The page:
# An exercise related to the mass of the Milky Way, sort of.

• B
• TreeLover
In summary, the conversation discusses a problem regarding the rotation speed of the sun and a star in the Milky Way and their corresponding distances from the center of the galaxy. The ratio between the mass of the galaxy interior to the sun's orbit and the mass of the galaxy interior to the other star's orbit is found to be approximately 0.4. There are two approaches presented for solving the problem - using the escape velocity equation and equating gravitational force to centripetal force. The second approach involves using Kepler's third law, where ##M_r \approx \frac{r^3}{P^2}##. This law is derived from dimensional analysis and the result ##\frac {M_1}{M_2} = \
TreeLover
So, in preparation to the Portuguese Astronomy Olympiads, I've stumbled upon this problem (exercise):

The sun, which is 8 kpc away from the centre of the Milky Way, has a rotation speed of approximately 220 kms-1 . Whereas a a star that is 15 kpc from the centre of the Galaxy orbits at a speed of 250 kms-1.
Show that the reason between the mass of the galaxy interior do the suns orbit and the mass of the galaxy interior to the orbit of the other star is about 0.4.

I first tried to resolve by means of the escape velocity equation, by calculating the mass that of the galaxy with an escape velocity of 220kms-1 and 250kms-1, and reached a correct answer:

## v = \sqrt{\frac{2GM}{r}} \equiv M = \frac{v^2 r}{2G}##

##M_1 = Mass\space of\space the\space Galaxy\space interior\space to\space the\space Sun.##
##M_2 = Mass\space of\space the\space Galaxy\space interior\space do\space the\space other\space Star.##

## \frac{M_1}{M_2} = \frac{\frac{v_1^2 r_1}{2G}}{\frac{v_2^2 r_2}{2G}}= \frac{v_1^2 r_1}{v_2^2 r_2} = \frac {220^2*8}{250^2*15} \approx 0.4##

My question is the following: would that resolution be accepted, even though the 220kms-1 and 250kms-1 aren't actually the escape velocities?

I've gone and checked the resolution and they did not include this procedure, they equaled the gravitation equation to the centripetal force and did it from there (ending up on the same result as I did) and, as an alternative method used a simplification Kepler's third law. Both approaches are shown bellow:

First approach:

## F_{grav} = F_{centripetal} ##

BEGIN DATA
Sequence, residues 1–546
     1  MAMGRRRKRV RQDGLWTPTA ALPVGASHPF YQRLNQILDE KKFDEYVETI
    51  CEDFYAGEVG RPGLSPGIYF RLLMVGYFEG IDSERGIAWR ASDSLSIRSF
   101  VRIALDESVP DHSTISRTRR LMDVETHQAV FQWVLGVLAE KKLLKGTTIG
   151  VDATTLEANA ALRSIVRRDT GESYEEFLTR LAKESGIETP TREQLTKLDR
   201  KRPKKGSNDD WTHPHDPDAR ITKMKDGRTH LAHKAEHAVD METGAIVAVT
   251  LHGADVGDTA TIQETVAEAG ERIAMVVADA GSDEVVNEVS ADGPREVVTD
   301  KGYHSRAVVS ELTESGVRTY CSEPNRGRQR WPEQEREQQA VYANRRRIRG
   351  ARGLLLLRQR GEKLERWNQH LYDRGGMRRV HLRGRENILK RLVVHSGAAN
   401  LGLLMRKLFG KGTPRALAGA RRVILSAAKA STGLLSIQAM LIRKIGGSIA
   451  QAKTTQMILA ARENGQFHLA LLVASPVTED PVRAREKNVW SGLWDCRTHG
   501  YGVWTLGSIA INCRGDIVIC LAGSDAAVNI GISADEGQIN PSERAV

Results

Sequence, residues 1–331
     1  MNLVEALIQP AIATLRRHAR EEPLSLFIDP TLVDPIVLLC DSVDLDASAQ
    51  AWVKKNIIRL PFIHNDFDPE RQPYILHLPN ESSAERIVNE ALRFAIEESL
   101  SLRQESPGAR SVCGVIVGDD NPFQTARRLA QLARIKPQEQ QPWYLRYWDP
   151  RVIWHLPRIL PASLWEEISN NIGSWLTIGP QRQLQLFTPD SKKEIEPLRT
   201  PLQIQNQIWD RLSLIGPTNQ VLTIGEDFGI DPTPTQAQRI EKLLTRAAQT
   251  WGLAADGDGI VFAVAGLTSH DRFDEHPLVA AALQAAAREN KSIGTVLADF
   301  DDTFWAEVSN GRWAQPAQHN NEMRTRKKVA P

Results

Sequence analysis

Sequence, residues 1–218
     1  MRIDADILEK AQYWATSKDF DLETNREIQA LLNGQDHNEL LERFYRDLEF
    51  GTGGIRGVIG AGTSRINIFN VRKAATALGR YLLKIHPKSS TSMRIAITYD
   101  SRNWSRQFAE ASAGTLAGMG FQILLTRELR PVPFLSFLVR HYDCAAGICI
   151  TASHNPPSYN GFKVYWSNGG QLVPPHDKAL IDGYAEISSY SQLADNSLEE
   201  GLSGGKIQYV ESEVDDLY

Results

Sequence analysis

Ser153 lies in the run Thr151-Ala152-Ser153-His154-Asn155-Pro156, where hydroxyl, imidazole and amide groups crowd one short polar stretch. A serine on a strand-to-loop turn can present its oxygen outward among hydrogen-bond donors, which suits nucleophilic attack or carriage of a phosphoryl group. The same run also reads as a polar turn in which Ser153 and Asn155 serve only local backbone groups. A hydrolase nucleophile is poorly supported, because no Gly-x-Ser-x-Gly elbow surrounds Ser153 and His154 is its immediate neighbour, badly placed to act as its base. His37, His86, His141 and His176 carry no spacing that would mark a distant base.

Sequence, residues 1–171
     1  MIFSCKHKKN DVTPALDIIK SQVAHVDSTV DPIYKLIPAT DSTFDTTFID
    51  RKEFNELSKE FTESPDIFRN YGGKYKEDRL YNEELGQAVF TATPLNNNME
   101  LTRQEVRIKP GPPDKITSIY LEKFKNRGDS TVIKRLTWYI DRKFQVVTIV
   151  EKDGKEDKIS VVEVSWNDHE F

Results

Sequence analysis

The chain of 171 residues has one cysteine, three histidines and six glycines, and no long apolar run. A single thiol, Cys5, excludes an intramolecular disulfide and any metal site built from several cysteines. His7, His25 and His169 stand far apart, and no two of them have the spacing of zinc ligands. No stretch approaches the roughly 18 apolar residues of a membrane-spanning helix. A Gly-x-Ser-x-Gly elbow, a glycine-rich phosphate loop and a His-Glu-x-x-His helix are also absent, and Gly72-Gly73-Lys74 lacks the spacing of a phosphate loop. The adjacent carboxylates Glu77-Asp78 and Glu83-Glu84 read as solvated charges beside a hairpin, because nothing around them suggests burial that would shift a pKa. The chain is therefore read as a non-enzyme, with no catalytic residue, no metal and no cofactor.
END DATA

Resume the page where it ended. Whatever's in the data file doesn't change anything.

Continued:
## \frac{GMm}{r^2} = m \frac{v^2}{r} \equiv M = \frac{v^2 r}{G} ##

##\frac {M_1}{M_2} = \frac {v_1^2 r_1}{v_2^2 r_2} \approx 0.4 ##

Second approach:

By using Kepler's third law in its simplified formula: ##M_r \approx \frac {r^3}{P^2}##
Assuming circular orbits: ## v = 2 \pi \frac {r}{P}##
giving

##\frac {M_1}{M_2} = \frac {v_1^2 r_1}{v_2^2 r_2} \approx 0.4 ##

P.S. I didn't understand their second approach. How does ##M_r \approx \frac {r^3}{P^2}##? I've looked through some of the books I found and couldn't get an explanation (I might just have missed it, but I do not believe that is the case). And, even knowing ##M_r \approx \frac {r^3}{P^2}##, how does one get to ##\frac {M_1}{M_2} = \frac {v_1^2 r_1}{v_2^2 r_2} \approx 0.4 ##?
P.P.S. Some of the things were translated (by me), so, they might be a bit clunky. (I don't think they are.)

You got the right answer because it is the only possible answer from any scaling relation between those quantities based on dimensional analysis (and noting that what is important is MG and not M and G separately).

The ##M \propto r^3/P^2## is just Kepler's third law. It should be discussed in any mechanics textbook covering motion in a central potential.

Also, your escape velocity computation is based on having all mass inside of the given radius. Obviously the escape velocity deeper in the potential well is higher.

## 1. What is the mass of the Milky Way?

The mass of the Milky Way is estimated to be around 1.5 trillion times the mass of the Sun, or about 8.5 x 10^11 solar masses. This calculation is based on the observed rotation of the Milky Way and the amount of matter needed to keep the galaxy together.

## 2. How is the mass of the Milky Way measured?

The mass of the Milky Way is measured using various methods, such as studying the rotation of stars and gas within the galaxy, analyzing the gravitational lensing effect of the galaxy on distant objects, and measuring the amount of dark matter present in the galaxy.

## 3. Why is it important to know the mass of the Milky Way?

Knowing the mass of the Milky Way is important for understanding the overall structure and evolution of our galaxy. It can also provide insights into the amount and distribution of dark matter, which makes up a significant portion of the galaxy's mass.

## 4. How does the mass of the Milky Way compare to other galaxies?

The mass of the Milky Way is considered to be average compared to other galaxies in the universe. It is smaller than giant elliptical galaxies, but larger than dwarf galaxies. However, the exact mass of the Milky Way is still uncertain and may change as new research and observations are made.

## 5. Can the mass of the Milky Way change over time?

Yes, the mass of the Milky Way can change over time as it interacts with other galaxies and undergoes mergers. In fact, it is believed that the Milky Way has grown in mass through merging with smaller galaxies over its lifetime. However, the overall mass of the Milky Way is relatively stable due to the large amount of dark matter that holds the galaxy together.

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